Throughout his work with plant genetics, Kaeppler has taken full advantage of resources for entreprenuers on campus. He has patents filed or pending, and he has also received Accelerator funds through WARF. For his project looking at the genetics behind flowering time, Kaeppler and graduate student Brett Burdo received Igniter funds from D2P as well. The Igniter program has proven invaluable for Kaeppler and Burdo as they try to place their innovation in the best position for success.

“I found the Igniter program very useful, to go through the process of understanding what it takes to get a product to market,” says Kaeppler. “It also includes funding for some of the steps in the research and for some of the time that’s spent. I can’t fund my graduate student off a federal grant to participate in something like this, so the Igniter funding allowed for correct portioning of funding.”

The end goal of Kaeppler’s project is to develop a transgenic plant as a research model and license the technology, not develop a startup company. His team is currently testing transgenic plants to work up a full package of information that interested companies would use to decide if they should license the technology. For Kaeppler, licensing is the best option since they can avoid trying to compete with big agricultural companies, and the technology will still get out to the market where it’s needed to create change.

“In this area of technology transfer, it is important not only to bring resources back to UW but also to participate in meeting the challenges the world is facing with increasing populations,” says Kaeppler. “Programs like D2P and WARF are critical at this point in time to see the potential of these discoveries realized.”

A Diet to Treat Disease

Around the world, about 60,000 people are estimated to have phenylketonuria, or PKU. Those with the inherited disorder are unable to process phenylalanine, a compound found in most foods. Treatment used to consist of a limited diet difficult to stomach. Then, about 13 years ago, nutritional sciences professor Denise Ney was approached to help improve that course of treatment.

Dietitians at UW–Madison’s Waisman Center wanted someone to research use of a protein isolated from cheese whey—called glycomacropeptide, or GMP—as a dietary option for people living with PKU. Ney took on the challenge, and with the help of a multidisciplinary team, a new diet composition for PKU patients was patented and licensed.

“Mine is not a typical story,” says Ney, who also serves as a D2P advisory board member. “Things happened quickly and I can’t tell you why, other than hard work, a good idea and the right group of people. We’ve had help from many people—including our statistician Murray Clayton, a professor of plant pathology and statistics, and the Center for Dairy Research—which helped with development of the foods and with sensory analysis.”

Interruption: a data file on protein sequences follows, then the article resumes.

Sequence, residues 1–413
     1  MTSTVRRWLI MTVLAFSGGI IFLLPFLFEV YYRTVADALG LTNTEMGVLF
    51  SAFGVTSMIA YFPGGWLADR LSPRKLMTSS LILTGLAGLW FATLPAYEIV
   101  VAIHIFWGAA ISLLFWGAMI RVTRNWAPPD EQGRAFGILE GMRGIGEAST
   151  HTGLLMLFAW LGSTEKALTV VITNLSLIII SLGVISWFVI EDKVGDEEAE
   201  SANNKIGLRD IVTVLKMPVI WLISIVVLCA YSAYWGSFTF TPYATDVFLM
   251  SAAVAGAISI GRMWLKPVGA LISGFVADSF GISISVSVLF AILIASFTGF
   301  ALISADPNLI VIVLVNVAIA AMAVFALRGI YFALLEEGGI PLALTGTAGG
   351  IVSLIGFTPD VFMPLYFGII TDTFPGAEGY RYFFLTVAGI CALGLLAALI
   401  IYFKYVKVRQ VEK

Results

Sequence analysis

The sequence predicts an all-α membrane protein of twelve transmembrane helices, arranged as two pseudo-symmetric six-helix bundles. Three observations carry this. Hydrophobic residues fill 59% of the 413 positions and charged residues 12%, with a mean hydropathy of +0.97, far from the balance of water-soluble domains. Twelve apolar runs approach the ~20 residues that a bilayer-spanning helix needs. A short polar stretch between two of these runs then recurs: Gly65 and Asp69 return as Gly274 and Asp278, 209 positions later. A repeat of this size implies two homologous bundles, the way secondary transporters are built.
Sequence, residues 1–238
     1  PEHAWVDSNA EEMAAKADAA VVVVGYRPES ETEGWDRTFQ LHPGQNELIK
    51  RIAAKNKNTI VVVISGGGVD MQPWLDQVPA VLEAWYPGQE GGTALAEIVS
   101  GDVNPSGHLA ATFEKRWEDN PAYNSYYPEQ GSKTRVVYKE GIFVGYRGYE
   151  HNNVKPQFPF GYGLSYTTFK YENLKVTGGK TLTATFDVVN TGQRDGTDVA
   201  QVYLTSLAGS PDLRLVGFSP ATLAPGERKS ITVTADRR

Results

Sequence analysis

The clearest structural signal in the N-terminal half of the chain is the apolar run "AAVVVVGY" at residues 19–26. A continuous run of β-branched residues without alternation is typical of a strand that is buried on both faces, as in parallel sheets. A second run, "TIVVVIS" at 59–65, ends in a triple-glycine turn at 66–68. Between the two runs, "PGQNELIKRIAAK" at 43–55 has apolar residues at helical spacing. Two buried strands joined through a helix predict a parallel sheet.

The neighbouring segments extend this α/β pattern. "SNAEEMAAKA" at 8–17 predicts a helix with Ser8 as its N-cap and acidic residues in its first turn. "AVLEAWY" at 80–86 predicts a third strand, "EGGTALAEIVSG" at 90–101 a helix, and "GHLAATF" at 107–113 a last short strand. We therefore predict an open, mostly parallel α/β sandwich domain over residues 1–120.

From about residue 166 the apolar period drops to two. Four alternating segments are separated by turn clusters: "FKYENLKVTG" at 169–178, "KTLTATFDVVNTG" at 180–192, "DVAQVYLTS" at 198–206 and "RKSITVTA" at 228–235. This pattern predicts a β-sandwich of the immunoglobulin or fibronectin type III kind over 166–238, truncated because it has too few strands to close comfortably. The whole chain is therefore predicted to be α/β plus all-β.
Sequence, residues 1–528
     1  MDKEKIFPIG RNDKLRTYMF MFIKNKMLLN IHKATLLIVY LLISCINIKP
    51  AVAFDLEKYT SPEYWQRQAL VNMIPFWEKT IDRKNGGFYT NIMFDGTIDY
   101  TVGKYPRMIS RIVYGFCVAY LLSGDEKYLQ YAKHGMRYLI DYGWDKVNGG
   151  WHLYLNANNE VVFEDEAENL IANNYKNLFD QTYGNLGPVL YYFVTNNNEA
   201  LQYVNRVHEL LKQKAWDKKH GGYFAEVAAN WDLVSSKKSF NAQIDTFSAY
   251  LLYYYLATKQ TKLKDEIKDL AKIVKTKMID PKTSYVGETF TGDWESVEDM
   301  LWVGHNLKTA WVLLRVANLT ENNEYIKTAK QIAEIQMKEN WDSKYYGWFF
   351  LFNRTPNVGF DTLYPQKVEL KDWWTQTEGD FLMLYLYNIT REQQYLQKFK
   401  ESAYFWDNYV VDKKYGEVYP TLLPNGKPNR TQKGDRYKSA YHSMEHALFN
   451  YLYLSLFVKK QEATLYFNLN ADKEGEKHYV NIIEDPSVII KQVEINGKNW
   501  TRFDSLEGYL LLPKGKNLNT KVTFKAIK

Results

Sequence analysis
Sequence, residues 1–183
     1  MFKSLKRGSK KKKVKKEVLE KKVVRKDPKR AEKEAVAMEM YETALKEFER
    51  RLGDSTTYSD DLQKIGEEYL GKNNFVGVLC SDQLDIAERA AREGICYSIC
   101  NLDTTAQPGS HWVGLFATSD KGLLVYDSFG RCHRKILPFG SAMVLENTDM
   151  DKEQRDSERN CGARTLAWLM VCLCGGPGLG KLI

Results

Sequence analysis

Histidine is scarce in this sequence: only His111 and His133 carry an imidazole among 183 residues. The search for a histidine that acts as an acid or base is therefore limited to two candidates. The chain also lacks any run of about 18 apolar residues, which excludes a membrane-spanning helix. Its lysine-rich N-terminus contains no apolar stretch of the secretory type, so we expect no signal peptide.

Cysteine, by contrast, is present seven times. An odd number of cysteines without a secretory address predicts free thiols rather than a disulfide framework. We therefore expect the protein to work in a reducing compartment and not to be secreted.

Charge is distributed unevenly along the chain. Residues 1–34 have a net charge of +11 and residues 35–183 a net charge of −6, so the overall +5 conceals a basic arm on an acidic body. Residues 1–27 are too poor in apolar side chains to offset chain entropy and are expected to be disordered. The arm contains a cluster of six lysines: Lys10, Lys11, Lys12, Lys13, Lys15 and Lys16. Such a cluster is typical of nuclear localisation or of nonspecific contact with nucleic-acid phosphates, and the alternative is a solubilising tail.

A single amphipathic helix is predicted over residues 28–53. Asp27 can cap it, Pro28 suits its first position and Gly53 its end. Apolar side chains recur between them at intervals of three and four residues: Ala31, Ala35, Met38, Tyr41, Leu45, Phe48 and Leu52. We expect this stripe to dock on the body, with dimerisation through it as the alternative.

Being at the right place at the right time had a lot to do with her success thus far, Ney notes. “I’m not sure this could have happened many places in the world other than on this campus because we have all the needed components—the Waisman Center for care of patients with PKU, the Wisconsin Center for Dairy Research, the clinical research unit at University of Wisconsin Hospitals and Clinics, and faculty with expertise in nutritional sciences and food science,” she says.

Ney is currently wrapping up a major clinical trial of the food formulations, referred to as GMP medical foods, that she and her team developed. In addition to those efforts, the new diet has also shown surprising promise in two other, seemingly unrelated, areas: weight loss and osteoporosis prevention.

“My hypothesis, which has been borne out with the research, is that GMP will improve bone strength and help prevent fractures, which are complications of PKU,” explains Ney. “I have a comprehensive study where I do analysis of bone structure and biomechanical performance, and I also get information about body fat. I observed that all of the mice that were fed GMP, whether they had PKU or not, had less body fat and the bones were bigger and stronger.” Interestingly, the response was greater in female compared with male mice.

To support further research on this new aspect of the project, Ney received Accelerator funds from WARF for a second patent issued in 2015 titled “Use of GMP to Improve Women’s Health.” Ney and her team, including nutritional sciences professor Eric Yen, are excited about the possibilities of food products made with GMP that may help combat obesity and also promote bone health in women.

“There is a huge market for such products,” says Ney. “We go from a considerably small group of PKU patients who can benefit from this to a huge market of women if this pans out. It’s interesting, because I think I’m kind of an unexpected success, an illustration of the untapped potential we have here on campus.”

Fewer Antibiotics in Ethanol Plants

Bacteria and the antibiotics used to kill them can cause significant problems in everything from food sources to biofuel. In biofuel production plants, bacteria that produce lactic acid compete with the wanted microbes producing ethanol. At low levels, these bacteria decrease ethanol production. At high levels, they can produce so much lactic acid that it stops fermentation and ethanol production altogether.